Rewriting a Deep Generative Model

David Bau1, Steven Liu1, Tongzhou Wang1, Jun-Yan Zhu2, Antonio Torralba1
1MIT CSAIL, 2Adobe Research

2 minute
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ECCV 2020


Source Code

Demo Colab

Can the Rules in a Deep Network be Rewritten?

Deep network training is a blind optimization procedure where programmers define objectives but not the solutions that emerge. In this paper we ask if deep networks can be created in a different way. Can the rules in a network be directly rewritten?

Original Model
Remove Rule for Marks
Add Rule for People
Change Rule from Towers to Trees

Why Rewrite a Model?

There are two reasons to want to rewrite a deep network directly:

  1. To gain insight about how a deep network organizes its knowledge.
  2. To enable creative users to quickly make novel models for which there is no existing data set.

Model rewriting envisions a way to construct deep networks according to a user's intentions. Rather than limiting networks to imitating data that we already have, rewriting allows deep networks to model a world that follows new rules that a user wishes to have.

What is Model Rewriting?

Model rewriting lets a person edit the internal rules of a deep network directly instead of training against a big data set.

The difference between training and rewriting is akin to the difference between natural selection and genetic engineering. While training allows efficient optimization of a global objective, it does not allow direct specification of internal mechanisms. In contrast, rewriting allows a person to directly choose the internal rules they wish to include, even if these choices do not happen to match an existing data set or optimize a global objective.

Rewriting a model is challenging, because doing it effectively requires the user to develop a causally correct understanding of the structure, behavior, and purpose of the internal parameters of the network. Up to now it has been unknown whether direct model rewriting is a reasonable proposition.

Our paper shows that model rewriting is feasible.


This 10 minute talk demonstrates the user interface and gives an overview of the mathematical ideas.

The mp4 files of the videos can be downloaded directly:

The Connection to Associative Memory

Our method is based on the hypothesis that the weights of a generator act as Optimal Linear Associative Memory (OLAM).

OLAM is a classic single-layer neural data structure for memorizing associations that was described by Teuvo Kohonen and James A Anderson (independently) in the 1970s. In our case, we hypothesize that within a large modern multilayer convolutional network, the each individual layer plays the role of an OLAM that stores a set of rules that associates keys, which denote meaningful context, with values, which determine output.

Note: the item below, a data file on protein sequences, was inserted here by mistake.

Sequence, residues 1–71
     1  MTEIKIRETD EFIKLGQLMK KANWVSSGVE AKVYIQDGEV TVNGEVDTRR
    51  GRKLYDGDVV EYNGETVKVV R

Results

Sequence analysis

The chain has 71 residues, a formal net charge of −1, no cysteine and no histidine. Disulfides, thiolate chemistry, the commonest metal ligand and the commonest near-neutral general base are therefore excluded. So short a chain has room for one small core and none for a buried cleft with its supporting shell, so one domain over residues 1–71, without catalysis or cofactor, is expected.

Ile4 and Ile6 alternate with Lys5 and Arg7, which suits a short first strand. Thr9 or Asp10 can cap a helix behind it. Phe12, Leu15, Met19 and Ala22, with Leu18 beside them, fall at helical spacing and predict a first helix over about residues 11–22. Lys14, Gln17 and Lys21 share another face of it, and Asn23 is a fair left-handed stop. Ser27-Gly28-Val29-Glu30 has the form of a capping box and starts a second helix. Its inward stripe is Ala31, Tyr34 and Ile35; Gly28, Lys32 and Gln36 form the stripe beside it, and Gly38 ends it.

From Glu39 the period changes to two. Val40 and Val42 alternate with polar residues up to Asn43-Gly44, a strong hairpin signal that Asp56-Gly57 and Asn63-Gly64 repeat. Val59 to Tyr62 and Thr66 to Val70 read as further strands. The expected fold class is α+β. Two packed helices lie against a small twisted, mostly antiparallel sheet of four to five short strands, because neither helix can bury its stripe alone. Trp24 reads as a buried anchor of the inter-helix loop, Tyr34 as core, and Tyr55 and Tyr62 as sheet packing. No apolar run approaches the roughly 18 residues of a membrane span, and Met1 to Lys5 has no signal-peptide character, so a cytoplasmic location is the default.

The implication of the optimality hypothesis is that an individual memorized rule is stored within the weights in a slot corresponding to a particular subspace of rank-one updates determined by the fixed global key statistics and the context (key) of the rule being changed — but not the value.

In other words, one rule corresponds to a line of memory that can be rewritten freely.

Therefore, to alter a rule, we first identify the subspace direction d corresponding to one specific rule's memory slot, then we make a change in that direction to achieve the desired change. Since the update direction minimizes interference with other rules, one rule can be changed dramatically to fit any goal the user wishes to specify, while leaving the rest of the model's behavior essentially unchanged.

The reasoning is discussed further in the talk, and full details are described in the paper.

Example Results

The results below show changes of a single rule within StyleGANv2. In each case, four examples chosen by the user (center of the top row) establish the context for the rule begin rewritten, and the "copy and paste" examples (left and right of top row) indicate how the user wishes to change the model.

The grid below shows pairs of outputs: for each pair, the first is the output of the original unmodified StyleGANv2. The second is the output of the modified StyleGANv2, applying the user's intention using our method.

First: changing the rule defining kids' eyebrows to make them look like a bushy mustache.

Altering the rule for pointy tower tops to make them into trees.

Changing the rule for tops of horses heads, to put hats on horses.

Changing the rule for drawing frowns into one to draw smiles.

Removing the main window in a building by changing the rule to draw a blank wall.

How to Cite


 title={Rewriting a Deep Generative Model},
 author={Bau, David and Liu, Steven and Wang, Tongzhou and Zhu,
 Jun-Yan and Torralba, Antonio},
 booktitle={Proceedings of the European Conference on Computer Vision (ECCV)},